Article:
Google’s top advertising sales executive, David Rosenblatt, said he is leaving the company, in what some industry insiders are saying is the biggest shock yet about the steady departure of high-ranking executives.

We’ve already written about the flow of exits from Google, which comes in part because Google has become so large and ambitious employees see few reasons to stay. The amazing rise in Google’s stock price has come to an abrupt end, and it’s harder to do the fun stuff quickly as corporate bureaucracy sets in. This is nothing surprising and happens to all big companies, but the announcement from Rosenblatt (pictured left) is a blow because he leaves the company’s main ad display unit, DoubleClick, without a strong No. 2 to succeed him. DoubleClick was bought by Google for $3.1 billion two years ago, and Rosenblatt had stayed on as chief executive of that company, even after it was wholly owned by Google. It was the largest and most significant acquisition by Google, because it enabled the search ad giant to expand into the other main area of online advertising: display. The company is still being integrated within Google, and in October Rosenblatt took over the title of president of global display advertising.

We’ve already noted the rocky state of Google’s initiatives in advertising outside of search. The company had attempted to articulate a cross-media strategy, but it hasn’t come together as well as planned. YouTube, Google’s video business, is facing massive losses; meantime, Google’s radio division has been cut, and TV advertising is on life-support.

And by losing its main business and advertising executives, including Omid Kordestani, Tim Armstrong, Suhkinder Singh Cassidy and others, there’s increasingly the question of whether Google remains an engineering company that shows little sensitivity to the needs of advertisers. As mentioned, DoubleClick was used by the top 200 publishers or so, and many of them have become nervous about Google’s designs. One large publisher, Viacom, recently announced it was moving away from DoubleClick.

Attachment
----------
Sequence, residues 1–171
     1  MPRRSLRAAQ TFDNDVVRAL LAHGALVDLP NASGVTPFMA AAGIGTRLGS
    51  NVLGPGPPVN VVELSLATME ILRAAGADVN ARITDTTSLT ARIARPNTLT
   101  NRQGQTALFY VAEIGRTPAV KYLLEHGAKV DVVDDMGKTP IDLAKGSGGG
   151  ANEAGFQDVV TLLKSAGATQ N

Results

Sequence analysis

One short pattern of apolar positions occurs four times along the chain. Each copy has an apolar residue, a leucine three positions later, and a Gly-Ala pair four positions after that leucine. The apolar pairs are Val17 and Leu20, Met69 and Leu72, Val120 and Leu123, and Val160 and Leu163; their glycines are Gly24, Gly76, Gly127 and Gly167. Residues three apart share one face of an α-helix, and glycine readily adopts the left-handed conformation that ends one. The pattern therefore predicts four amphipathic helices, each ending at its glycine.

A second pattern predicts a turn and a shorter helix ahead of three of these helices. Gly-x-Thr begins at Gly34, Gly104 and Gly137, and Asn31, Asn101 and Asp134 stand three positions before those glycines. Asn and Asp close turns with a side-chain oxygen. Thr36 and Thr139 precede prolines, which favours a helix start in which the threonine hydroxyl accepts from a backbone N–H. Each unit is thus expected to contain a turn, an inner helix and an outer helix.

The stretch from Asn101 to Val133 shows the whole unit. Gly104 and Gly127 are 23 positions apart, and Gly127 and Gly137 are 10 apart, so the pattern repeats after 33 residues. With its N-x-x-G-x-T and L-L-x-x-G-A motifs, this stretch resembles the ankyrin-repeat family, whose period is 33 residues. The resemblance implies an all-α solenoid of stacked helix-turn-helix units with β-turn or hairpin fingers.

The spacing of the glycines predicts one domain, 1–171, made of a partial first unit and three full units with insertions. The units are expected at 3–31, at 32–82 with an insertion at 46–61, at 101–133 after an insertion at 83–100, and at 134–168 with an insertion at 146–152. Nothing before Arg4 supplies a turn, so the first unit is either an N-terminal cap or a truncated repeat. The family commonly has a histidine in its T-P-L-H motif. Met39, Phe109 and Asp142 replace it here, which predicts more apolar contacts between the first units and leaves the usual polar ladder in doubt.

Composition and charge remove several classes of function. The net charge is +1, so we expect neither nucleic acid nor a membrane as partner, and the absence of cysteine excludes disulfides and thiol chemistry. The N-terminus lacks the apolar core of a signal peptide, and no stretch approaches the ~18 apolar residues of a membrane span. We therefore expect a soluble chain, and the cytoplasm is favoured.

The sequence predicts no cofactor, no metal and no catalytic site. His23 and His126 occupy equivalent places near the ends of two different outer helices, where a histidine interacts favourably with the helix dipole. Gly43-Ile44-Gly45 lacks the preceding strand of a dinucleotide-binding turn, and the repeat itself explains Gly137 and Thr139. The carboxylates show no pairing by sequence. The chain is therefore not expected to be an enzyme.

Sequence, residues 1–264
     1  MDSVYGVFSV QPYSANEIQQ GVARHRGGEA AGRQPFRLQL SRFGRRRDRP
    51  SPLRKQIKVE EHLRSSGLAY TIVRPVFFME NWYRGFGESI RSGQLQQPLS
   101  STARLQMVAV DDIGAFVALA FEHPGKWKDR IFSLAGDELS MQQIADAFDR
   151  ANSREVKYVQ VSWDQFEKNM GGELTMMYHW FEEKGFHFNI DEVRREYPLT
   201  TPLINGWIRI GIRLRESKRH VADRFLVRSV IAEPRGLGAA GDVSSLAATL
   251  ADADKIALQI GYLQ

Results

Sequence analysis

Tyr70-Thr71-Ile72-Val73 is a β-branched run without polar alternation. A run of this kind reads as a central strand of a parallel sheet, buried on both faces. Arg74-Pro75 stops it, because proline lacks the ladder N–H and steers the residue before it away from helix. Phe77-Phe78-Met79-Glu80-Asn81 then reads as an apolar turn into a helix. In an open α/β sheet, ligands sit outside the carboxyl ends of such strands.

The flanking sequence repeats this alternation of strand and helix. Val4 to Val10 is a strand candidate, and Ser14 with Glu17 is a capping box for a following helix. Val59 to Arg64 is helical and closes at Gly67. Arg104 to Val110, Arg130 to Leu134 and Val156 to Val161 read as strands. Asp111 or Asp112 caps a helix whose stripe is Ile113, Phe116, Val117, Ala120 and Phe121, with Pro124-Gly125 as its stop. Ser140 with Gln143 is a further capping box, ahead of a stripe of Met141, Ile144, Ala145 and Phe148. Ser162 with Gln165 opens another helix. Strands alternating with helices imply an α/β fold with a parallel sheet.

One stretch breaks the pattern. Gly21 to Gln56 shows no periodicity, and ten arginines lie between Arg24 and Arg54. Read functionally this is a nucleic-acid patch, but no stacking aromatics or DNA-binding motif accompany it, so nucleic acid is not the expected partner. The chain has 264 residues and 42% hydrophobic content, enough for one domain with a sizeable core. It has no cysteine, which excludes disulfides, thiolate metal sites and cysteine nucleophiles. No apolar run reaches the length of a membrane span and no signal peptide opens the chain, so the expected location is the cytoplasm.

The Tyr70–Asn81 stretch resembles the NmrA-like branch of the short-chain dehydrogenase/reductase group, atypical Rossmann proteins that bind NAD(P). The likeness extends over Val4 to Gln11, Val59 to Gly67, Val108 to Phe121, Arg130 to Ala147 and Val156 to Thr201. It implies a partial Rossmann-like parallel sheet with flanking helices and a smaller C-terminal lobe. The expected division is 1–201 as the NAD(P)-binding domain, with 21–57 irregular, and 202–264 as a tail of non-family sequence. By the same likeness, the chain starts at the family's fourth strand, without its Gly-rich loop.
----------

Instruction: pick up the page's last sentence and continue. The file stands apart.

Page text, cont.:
Google didn’t send out a release, but Rosenblatt did. Here’s an excerpt that VentureBeat obtained:

As you know, after eleven years of working for DoubleClick and one for Google, I have decided it is time to move on to the next phase of my career.  I will be leaving Google as of May 15.

I leave extraordinarily confident about the future of Google’s display business, and I continue to have no doubt that Google is the perfect home for DoubleClick.  Google’s display advertising strategy is revolutionary, and clients and employees will prosper as the company executes on that strategy.

As for my own future, in the near term, I will continue to work with the other companies that I am currently involved with.  I’m planning to take some time off this summer and then come back refreshed to think about what comes next in my life and career.

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